+-------+-----------------------+---------------+
| Value | Meaning | Reference |
+=======+=======================+===============+
| 0 | Unqualified rejection | This document |
+-------+-----------------------+---------------+
Table 5: Rejection values of the PDR-ACK Status
8.7. New SubRegistry for the Route Projection Options (RPO) Flags
IANA is requested to create a new subregistry for the 5-bit Route
Projection Options (RPO) Flags field. Each bit is tracked with the
following qualities:
* Bit number (counting from bit 0 as the most significant bit)
* Capability description
* Reference
Registration procedure is "Standards Action" [RFC8126]. No bit is
currently defined for the Route Projection Options (RPO) Flags.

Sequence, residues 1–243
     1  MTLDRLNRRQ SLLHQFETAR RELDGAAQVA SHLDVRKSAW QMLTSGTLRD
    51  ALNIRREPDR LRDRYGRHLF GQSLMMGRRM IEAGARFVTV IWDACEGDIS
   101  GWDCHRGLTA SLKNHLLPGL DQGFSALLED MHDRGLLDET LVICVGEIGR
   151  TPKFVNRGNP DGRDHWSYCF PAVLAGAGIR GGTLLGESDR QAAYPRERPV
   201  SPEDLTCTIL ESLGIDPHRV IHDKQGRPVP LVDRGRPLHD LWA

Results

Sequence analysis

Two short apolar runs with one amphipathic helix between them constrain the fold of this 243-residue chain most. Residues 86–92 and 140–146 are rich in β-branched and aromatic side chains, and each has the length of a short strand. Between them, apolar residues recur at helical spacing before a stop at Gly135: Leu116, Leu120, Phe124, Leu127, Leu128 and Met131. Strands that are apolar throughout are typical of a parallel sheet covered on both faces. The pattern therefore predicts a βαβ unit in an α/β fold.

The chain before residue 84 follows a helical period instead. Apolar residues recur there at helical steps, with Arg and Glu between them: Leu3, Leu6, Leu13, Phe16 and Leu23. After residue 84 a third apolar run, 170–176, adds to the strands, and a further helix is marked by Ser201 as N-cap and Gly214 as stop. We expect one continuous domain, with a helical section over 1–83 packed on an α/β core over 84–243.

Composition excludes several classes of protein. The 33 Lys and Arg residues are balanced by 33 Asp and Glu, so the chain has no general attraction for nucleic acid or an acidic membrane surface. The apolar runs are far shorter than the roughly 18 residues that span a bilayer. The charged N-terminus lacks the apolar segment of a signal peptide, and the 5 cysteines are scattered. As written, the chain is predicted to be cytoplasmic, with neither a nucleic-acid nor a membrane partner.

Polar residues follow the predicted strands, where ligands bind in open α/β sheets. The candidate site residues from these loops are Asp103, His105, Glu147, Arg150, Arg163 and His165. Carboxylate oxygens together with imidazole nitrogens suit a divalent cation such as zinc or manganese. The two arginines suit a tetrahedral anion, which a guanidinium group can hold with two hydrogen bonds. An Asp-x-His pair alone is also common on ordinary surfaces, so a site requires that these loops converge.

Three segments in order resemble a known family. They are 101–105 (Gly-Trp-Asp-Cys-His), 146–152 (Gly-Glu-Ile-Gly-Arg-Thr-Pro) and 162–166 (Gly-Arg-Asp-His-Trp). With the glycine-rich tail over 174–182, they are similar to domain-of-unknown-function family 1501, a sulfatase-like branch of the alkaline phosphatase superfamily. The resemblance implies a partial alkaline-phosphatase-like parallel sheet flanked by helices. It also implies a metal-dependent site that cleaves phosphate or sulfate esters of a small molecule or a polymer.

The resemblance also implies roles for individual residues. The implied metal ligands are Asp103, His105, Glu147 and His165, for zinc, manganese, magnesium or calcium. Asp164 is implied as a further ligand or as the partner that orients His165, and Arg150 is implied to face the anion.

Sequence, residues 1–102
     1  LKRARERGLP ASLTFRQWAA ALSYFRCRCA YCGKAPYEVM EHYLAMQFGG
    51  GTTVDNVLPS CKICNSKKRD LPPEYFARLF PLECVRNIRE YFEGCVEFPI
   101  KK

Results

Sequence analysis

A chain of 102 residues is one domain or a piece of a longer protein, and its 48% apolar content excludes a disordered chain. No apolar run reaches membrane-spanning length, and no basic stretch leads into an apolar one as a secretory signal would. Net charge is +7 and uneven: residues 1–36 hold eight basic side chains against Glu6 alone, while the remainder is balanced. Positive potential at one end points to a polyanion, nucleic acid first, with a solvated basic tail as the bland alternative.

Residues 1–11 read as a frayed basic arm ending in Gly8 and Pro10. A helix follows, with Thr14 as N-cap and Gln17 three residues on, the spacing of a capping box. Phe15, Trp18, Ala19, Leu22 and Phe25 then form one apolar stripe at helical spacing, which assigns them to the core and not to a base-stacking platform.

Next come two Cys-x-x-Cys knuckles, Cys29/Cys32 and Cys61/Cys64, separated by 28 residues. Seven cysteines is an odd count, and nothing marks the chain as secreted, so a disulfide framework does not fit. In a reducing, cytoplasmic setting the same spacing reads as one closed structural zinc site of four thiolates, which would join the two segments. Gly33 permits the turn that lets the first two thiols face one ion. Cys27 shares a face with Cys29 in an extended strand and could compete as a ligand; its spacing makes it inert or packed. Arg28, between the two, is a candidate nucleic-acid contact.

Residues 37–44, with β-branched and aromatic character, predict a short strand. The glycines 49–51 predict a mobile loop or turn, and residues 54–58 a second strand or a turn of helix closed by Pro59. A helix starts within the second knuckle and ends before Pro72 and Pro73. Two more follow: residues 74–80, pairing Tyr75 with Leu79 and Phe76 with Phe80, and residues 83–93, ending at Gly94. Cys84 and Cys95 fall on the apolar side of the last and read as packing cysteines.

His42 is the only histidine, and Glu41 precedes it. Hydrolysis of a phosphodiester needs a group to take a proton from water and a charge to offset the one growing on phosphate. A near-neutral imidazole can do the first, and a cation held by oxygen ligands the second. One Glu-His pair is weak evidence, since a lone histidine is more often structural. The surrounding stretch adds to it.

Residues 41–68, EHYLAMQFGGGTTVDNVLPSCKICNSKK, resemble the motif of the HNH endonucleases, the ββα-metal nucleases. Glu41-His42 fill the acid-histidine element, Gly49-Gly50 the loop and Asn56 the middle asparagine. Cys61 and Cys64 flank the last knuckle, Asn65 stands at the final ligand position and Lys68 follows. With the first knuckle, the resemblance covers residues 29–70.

8.8. New SubRegistry for the Sibling Information Option (SIO) Flags
IANA is required to create a registry for the 5-bit Sibling
Information Option (SIO) Flags field. Each bit is tracked with the
following qualities:
* Bit number (counting from bit 0 as the most significant bit)
* Capability description
* Reference
Registration procedure is "Standards Action" [RFC8126]. The initial
allocation is as indicated in Table 6:
+------------+-----------------------------------+---------------+
| Bit number | Capability description | Reference |
+============+===================================+===============+
| 0 | Connectivity is bidirectional (B) | This document |
+------------+-----------------------------------+---------------+
Table 6: Initial SIO Flags
8.9. Error in Projected Route ICMPv6 Code
In some cases RPL will return an ICMPv6 error message when a message In some cases RPL will return an ICMPv6 error message when a message